Title

The effects of culture on consumer complaining behavior

Date of Completion

January 2003

Keywords

Business Administration, Marketing

Degree

Ph.D.

Abstract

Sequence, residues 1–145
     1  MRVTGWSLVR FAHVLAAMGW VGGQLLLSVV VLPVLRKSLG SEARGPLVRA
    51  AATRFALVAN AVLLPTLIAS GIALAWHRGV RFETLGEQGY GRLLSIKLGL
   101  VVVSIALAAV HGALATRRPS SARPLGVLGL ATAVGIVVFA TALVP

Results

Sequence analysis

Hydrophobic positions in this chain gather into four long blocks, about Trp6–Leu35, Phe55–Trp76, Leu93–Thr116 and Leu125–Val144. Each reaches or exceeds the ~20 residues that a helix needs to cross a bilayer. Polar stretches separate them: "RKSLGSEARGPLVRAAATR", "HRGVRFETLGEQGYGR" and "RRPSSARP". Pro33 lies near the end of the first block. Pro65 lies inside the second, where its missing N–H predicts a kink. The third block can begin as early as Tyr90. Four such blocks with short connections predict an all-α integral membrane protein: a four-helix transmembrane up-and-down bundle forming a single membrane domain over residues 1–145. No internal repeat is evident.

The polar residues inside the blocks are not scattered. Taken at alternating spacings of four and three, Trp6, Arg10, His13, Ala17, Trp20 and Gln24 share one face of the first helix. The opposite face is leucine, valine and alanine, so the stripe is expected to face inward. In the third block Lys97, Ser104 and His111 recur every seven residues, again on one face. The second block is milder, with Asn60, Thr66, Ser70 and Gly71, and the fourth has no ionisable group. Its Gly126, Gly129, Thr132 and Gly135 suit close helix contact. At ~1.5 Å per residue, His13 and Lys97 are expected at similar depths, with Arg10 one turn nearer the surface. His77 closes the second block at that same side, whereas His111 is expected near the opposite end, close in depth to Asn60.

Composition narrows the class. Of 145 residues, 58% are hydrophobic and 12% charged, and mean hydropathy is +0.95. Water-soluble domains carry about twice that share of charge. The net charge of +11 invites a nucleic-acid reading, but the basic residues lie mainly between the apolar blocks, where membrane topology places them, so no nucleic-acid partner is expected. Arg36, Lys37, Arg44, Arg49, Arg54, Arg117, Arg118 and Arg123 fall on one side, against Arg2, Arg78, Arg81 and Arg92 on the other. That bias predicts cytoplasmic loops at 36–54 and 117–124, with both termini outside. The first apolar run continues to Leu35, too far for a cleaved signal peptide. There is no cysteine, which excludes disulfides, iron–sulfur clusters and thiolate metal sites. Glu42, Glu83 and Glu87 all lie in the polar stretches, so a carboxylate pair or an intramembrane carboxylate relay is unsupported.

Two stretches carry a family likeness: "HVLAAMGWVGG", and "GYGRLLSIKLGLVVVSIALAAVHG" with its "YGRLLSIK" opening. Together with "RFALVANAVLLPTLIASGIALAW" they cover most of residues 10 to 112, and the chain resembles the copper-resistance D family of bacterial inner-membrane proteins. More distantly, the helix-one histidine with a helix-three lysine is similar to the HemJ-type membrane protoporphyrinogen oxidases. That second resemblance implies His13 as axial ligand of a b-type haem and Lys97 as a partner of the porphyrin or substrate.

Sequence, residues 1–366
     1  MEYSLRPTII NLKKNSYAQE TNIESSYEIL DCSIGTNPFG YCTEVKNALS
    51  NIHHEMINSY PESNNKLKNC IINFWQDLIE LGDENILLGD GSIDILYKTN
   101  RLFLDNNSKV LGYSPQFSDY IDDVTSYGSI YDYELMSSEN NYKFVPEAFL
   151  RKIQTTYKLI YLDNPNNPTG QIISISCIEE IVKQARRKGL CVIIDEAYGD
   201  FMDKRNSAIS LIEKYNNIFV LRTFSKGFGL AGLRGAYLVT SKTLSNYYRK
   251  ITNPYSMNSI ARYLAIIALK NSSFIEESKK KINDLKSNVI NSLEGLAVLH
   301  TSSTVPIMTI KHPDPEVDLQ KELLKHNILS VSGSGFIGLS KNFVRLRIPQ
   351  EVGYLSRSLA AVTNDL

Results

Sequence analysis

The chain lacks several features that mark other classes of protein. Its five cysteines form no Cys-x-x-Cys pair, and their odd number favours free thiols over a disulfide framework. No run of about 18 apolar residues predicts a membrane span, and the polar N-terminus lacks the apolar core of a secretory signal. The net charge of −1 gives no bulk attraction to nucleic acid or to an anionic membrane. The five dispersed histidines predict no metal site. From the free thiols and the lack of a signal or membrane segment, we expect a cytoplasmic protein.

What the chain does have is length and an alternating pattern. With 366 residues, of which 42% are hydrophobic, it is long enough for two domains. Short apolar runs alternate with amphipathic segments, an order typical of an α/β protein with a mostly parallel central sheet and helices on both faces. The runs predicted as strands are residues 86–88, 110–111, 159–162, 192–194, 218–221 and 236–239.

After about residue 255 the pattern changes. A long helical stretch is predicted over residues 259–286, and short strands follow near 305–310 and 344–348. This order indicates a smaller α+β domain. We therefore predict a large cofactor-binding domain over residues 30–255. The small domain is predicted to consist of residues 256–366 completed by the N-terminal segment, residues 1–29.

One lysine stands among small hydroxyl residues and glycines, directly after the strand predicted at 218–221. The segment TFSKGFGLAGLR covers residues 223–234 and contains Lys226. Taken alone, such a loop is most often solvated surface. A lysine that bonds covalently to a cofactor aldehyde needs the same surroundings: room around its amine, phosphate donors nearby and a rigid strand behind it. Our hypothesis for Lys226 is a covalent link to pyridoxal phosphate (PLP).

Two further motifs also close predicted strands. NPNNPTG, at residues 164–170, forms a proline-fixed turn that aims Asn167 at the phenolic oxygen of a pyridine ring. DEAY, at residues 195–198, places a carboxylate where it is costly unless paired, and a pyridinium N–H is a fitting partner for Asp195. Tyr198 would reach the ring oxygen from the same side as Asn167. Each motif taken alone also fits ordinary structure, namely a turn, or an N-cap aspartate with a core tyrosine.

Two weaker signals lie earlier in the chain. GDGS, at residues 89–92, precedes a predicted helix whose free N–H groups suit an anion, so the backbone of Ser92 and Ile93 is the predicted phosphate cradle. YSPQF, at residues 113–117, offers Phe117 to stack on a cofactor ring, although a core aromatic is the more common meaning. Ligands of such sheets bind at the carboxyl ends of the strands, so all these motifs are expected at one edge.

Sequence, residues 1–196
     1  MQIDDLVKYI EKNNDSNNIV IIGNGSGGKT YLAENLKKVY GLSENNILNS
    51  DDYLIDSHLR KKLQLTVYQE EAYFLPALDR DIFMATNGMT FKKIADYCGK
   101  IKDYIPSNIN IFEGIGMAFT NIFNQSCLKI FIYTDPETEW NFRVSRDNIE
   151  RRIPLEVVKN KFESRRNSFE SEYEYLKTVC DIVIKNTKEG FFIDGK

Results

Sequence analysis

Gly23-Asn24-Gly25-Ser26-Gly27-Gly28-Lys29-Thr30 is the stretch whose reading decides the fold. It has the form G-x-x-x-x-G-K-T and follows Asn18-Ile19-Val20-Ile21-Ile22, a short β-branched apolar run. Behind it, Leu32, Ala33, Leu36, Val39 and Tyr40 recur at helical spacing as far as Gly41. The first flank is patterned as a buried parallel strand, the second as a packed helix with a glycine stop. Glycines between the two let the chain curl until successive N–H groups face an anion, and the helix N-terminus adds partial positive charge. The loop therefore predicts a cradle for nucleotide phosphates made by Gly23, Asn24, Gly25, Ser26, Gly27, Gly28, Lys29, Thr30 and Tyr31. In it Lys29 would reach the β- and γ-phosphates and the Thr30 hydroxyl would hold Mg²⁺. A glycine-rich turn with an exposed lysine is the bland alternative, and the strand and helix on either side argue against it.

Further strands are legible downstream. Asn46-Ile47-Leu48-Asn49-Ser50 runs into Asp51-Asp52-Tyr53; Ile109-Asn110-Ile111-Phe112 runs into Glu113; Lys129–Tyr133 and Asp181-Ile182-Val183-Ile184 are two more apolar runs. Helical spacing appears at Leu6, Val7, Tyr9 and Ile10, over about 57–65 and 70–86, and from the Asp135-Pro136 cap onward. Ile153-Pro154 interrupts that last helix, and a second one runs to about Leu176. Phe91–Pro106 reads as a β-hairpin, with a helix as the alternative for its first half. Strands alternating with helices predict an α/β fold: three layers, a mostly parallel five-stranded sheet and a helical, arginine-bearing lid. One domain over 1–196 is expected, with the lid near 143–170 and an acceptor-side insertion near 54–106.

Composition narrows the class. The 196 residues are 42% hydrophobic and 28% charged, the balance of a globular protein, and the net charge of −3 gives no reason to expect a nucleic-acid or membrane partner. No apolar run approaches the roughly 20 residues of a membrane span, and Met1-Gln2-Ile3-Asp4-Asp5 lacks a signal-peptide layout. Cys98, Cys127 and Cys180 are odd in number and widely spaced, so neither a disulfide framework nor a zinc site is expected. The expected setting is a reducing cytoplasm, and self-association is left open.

In this dissertation, I examined the effects of national culture on the consumer complaint behavior. I used individualism as the independent variable characterizing the cultural predispositions of respondents. To ensure variability of the cultural characteristic of individualism, I collected the data from demographically matched samples of adult consumers from the United States (presumed to be individualistic) and South Korea (presumed to be collectivistic) using a survey methodology. I used structural equation modeling approach to assess the measurement model, measurement equivalence of constructs between the two samples, and the hypothesized structural paths between the constructs. ^ Generally, the results indicate that individualism, as an individual-level cultural characteristic, affects consumer complaint behavior reflected in consumer voicing dissatisfaction stemming from unsatisfactory marketplace experience with the business at fault and in negative word of mouth. However, the effects vary within the different contexts and within the national samples under study. ^ Additionally, the results provide evidence of mediation of the relationship between individualism and consumer complaining behavior by individual-level psychological variables such as consumer aggressiveness, and consumer self-confidence, and consumer altruism. Moreover, the results indicate that severity of the dissatisfactory experience and level of anticipation of resolution of the dissatisfactory experience are both important predictors of the propensity to engage in complaining behavior. ^